What are Cognitive Distractions While Driving?

14 Jan 2019

No matter how great a driver you are, whether your drive as a profession or personally, at some point you will experience a moment of “mental checking out” — meaning you’ll no longer be fully focusing on your driving.

In moments like these, drivers aren’t fully aware of their surroundings. They can easily miss that debris in the road or that oncoming car, leading to a crash and injuries or worse, death. Experts refer to this “mental checking out” as a cognitive distraction.

Mental or cognitive distraction is where you’re driving, but your mind is not focused on driving. You could be talking to another passenger or daydreaming which puts you at risk. Even listening to the radio can put you at risk since the audio can take your focus away from your overall surroundings and your driving.

Some common cognitive distractions while driving may include:

  • Thinking about something that’s upsetting
  • Daydreaming
  • Talking to another passenger
  • Road rage
  • Being under the influence of alcohol and/or drugs

Even drowsy driving may also be considered a type of cognitive distraction; however, it’s usually regarded as its own issue.

Cognitive distractions might not seem as risky as actually taking your hands off the wheel or eyes off the road. But, the National Safety Council (NSC) did some research that showed cognitively distracted drivers are at risk for a variety of performance issues.

The NSC review more than 30 studies involving cognitively distracted drivers to reach this conclusion. While these studies focused on individuals who were using hands-free or hand-held cell phones, it’s likely these findings apply to those engaged in other mentally distracting tasks. These studies showed these drivers demonstrated the following serious impairments:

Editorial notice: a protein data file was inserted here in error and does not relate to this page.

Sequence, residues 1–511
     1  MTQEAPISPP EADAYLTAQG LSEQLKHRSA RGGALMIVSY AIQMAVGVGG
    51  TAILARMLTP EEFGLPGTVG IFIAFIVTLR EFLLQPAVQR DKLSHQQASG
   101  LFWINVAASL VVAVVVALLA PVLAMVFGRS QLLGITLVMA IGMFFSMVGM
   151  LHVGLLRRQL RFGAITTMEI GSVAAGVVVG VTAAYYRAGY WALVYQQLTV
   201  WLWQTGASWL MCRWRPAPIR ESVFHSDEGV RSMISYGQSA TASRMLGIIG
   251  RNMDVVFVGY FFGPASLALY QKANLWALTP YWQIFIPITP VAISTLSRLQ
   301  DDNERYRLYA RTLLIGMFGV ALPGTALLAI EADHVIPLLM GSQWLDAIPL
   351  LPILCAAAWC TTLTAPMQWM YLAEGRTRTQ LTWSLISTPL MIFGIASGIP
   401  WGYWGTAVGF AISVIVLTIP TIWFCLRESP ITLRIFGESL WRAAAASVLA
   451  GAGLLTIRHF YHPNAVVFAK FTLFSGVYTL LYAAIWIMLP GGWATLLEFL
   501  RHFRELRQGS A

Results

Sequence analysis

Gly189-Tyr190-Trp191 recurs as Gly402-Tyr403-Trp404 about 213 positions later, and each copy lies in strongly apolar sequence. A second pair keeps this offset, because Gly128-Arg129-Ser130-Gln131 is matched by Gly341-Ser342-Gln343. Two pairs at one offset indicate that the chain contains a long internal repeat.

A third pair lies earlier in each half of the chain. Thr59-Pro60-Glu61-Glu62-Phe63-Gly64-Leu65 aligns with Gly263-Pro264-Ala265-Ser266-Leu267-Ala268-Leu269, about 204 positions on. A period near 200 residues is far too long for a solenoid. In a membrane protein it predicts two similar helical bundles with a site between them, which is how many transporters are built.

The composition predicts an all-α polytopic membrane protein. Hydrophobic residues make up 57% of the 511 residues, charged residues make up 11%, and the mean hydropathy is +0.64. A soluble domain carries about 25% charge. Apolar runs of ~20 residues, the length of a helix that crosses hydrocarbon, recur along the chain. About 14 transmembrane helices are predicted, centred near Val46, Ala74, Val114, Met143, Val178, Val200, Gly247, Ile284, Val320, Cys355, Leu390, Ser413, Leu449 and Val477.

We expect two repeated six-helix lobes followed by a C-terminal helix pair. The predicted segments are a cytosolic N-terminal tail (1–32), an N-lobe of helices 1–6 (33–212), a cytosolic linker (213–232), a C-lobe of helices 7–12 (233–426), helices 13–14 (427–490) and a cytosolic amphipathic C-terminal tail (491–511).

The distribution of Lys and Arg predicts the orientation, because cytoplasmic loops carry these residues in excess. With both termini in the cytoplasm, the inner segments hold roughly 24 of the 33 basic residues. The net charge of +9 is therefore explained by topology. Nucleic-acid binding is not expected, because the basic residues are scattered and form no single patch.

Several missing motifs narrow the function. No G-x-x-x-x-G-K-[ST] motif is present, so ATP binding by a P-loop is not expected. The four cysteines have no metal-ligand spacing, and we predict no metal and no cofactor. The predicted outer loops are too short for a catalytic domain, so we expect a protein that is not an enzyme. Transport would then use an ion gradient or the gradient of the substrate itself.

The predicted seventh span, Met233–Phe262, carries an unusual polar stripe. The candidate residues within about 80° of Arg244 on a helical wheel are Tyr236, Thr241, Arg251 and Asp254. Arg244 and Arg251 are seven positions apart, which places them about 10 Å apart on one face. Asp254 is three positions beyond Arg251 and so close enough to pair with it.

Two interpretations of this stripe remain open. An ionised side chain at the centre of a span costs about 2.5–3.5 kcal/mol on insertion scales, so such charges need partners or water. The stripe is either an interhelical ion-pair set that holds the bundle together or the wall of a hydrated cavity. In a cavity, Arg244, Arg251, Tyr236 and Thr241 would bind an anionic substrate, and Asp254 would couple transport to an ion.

• Blindness to their surroundings: According to researchers, around 50 percent of the information in the immediate environment of a cognitively distracted driver, including traffic control devices and other vehicles, goes unnoticed.
  • Slow reaction times: One study showed even legally drunk drivers, in terms of response times, out-performed cognitively distracted drivers.
  • Reduced activity in certain areas of the brain normally active while driving: For example, the areas of the brain overseeing navigation, spatial processing and visual information processing show less activity when drivers listen to language.

The drivers may not even realize how long these adverse effects last.

While drivers may legally engage in various types of cognitive distraction, like using voice-activated technology and talking on hands-free cell phones, it could still result in cognitive distractions. If you’re a fleet manager, consider discussing the potential of cognitive distractions with your drivers. In addition, utilizing a GPS fleet tracking can help alert you to other driving hazards, like speeding, aggressive driving and hard braking.

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